Bonjour again! I hope you all had a wonderful Thanksgiving with your families and friends. We are all so blessed and I am grateful to be here but also grateful that I can go home to the USA and my sweet midwestern life. We are so lucky to live in our country, enjoy all the freedoms and have the community we have.
On Thanksgiving Day, we learned how to make eclairs. Never something I would put on my list of top 10 things to eat, these were delicious. I think most of the time we get eclairs, they have been made in a factory and then frozen. But a fresh eclairs with fresh pastry cream is a whole other animal. When Chef demonstrated them, he said, "this looks easy, but trust me, it is not." The next day, my group began at 8:30 in the morning, ready to make eclairs.
Let me start this story by telling you that the nice woman from Latvia, who all this time I had thought was from Germany, and I are the assistants this whole week. Everyone has to be an assistant for a week. Our jobs have been to serve the food to the group that Chef makes during demo class and to gather all the ingredients for everyone for our practical classes. This should be easy, right? NON! By the middle of the week, we had realized that no matter how carefully we did our math, we always needed more of a few things, esp. butter and eggs. They seem to evaporate in thin French air. On apple turnover day, the demo chef said we would use 1.5 apples each. So that is what we allotted for the practical class. 1.5 When we get to the class, the practical class chef said, "NON! Deux Pommes!" So back down to the basement, get more apples, up 4 flights of stairs in a hurry. I have the worse knees in the world, so all these surprises were really tough on me. We can use the dumbwaiter to send up the 50 kg bag of farin (flour), apples, milk, whatever, but, oddly, I am not allowed to ride up on it, which is what I want to do!!! Worse than that was the demanding way a few of the girls, not the guys, would yell out, "Uh, where are the apples? We are out of apples!" Like the aliens were arriving or something. One day when we ran out of eggs, a girl said, "We are out of eggs!" I said, "I will go get more as soon as I finish this choux pastry dough" (The only dough that has to be heated, I could not leave it at that second.) So she said, "Well, then I am going to take your eggs." Okay, that is fine, take my eggs, but be pleasant about it. It is not the end of the world. Please is a word that could be used a bit more here by some! Finally, like I was saying, by the middle of the week, we just got lots of extra butter, eggs, whatever was in the basement so we would not have to go down there in the middle of the class.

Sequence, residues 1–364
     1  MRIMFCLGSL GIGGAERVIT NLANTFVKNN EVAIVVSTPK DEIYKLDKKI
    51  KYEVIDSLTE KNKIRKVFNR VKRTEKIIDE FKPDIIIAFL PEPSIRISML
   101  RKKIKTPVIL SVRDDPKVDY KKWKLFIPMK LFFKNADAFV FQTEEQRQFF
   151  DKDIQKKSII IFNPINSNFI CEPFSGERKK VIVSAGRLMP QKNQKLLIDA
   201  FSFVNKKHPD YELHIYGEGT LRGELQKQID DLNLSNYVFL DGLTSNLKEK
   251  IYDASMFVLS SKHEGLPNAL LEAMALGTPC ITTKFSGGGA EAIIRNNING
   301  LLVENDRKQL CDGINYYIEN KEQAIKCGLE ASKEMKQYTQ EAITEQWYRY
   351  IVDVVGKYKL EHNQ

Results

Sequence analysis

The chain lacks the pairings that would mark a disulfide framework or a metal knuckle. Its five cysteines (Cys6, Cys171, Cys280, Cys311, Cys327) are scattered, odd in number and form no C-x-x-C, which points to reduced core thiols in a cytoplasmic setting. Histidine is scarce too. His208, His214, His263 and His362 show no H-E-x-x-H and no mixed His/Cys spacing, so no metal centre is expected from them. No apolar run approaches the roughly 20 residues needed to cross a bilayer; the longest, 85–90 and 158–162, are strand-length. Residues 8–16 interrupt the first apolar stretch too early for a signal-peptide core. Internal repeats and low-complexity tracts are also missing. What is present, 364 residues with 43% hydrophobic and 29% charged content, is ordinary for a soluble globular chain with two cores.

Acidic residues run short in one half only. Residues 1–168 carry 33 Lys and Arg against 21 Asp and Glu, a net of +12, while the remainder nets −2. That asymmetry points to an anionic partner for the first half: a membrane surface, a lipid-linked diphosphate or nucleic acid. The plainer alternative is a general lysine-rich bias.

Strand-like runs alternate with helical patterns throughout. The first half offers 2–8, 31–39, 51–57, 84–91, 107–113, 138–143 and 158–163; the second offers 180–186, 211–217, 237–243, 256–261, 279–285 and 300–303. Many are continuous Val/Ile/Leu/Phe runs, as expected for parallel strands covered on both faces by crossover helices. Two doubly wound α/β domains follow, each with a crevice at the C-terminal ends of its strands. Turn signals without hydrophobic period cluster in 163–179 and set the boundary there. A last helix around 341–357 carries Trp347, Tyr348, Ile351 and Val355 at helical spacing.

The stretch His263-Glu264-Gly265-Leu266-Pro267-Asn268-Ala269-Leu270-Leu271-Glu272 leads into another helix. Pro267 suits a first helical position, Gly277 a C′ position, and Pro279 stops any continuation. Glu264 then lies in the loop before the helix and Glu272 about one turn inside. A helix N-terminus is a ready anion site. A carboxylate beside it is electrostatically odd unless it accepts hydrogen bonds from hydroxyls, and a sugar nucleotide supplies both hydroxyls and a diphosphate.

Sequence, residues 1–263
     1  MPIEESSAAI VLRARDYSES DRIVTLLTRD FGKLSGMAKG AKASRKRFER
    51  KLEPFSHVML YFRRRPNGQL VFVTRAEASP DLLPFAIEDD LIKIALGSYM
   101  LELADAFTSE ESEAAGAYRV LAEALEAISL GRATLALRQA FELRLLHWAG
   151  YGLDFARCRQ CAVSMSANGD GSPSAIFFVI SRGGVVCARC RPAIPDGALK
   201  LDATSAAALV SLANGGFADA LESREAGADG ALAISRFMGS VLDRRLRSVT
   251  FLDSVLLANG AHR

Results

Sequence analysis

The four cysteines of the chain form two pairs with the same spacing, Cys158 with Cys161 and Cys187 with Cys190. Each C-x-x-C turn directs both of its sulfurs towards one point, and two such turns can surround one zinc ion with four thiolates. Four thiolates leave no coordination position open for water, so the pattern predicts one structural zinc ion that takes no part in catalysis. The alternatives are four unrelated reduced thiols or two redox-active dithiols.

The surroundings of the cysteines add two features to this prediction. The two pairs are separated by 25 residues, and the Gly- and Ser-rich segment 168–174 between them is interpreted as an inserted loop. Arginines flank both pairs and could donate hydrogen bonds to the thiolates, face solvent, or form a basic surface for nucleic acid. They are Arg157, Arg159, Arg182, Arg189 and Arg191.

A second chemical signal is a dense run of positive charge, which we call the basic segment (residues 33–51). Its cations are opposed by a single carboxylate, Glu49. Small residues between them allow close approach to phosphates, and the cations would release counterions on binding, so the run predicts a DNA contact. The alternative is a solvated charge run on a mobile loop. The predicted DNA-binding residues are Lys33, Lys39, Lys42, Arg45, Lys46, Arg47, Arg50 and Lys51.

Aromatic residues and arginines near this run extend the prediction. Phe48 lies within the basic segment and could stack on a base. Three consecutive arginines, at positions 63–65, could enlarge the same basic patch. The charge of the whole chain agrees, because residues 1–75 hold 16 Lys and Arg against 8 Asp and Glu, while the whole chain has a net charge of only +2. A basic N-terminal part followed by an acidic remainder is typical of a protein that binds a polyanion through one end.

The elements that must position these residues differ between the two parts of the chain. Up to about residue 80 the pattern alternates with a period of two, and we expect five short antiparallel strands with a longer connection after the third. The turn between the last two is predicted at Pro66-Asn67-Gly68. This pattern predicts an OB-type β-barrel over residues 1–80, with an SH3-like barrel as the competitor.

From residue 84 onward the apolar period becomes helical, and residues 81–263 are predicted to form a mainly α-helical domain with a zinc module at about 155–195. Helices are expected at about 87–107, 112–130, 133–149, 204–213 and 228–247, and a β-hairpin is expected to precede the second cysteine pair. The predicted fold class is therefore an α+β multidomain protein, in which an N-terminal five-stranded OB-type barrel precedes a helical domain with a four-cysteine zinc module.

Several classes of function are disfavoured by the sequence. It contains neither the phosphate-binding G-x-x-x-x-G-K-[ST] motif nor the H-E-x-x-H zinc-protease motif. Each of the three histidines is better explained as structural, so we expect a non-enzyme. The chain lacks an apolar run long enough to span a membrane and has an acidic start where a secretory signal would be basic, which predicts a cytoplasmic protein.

Okay, one more funny basement story, which did NOT seem funny at the time. On Eclair Day, my absolutely worst baking disaster day so far, I arrived about 7 minutes later to school than I like to. Quickly up all those stairs to get the scoop, then hoof it to the basement. Go to the correct walk-in cooler, gather tons of cream. And here is where the day fell apart. 8:05 A.M. I turned the cream on its side to stack so I could fit in as many other ingredients in my crate as possible. I looked down, found the eggs. Yea! Oops, not enough, must go to other cooler in a minute to get the rest. But happily there is plenty of butter, so I gather that. Then I stand up to but it in the plastic crate and I ...see... it. My nightmare. Thick, white cream oozing everywhere, dripping down into the bins below, puddling on the cold floor, sticking, and I mean sticking, to the stainless shelves. I run out, bump into a chef, try to act like nothing is wrong, grab paper towels, it just keeps coming like the ocean. Chef wants to know what is going on in there? I laugh, haha oh, you don't want to know! I say in my best french and get the whole rolls of towels, and a garbage bag to put them in. It drips into the bin of freshly trussed poulets (chickens) all over the signage --it was tres horrible!!! So now I am REALLY behind. My Latvian partner comes and finishes the crate as I clean up, we are totally out of sucre upstairs, no farin, freaking out, blah blah blah and that is how eclair day began! Needless to say, I was behind almost all class. My eclairs ended up looking like skinny, crooked, arthritic fingers, not plump and soft. When Chef came around to grade, I joked and said, "I just invented diet eclairs, see? Half the calories, all the taste!".........Crickets............ lost in translation....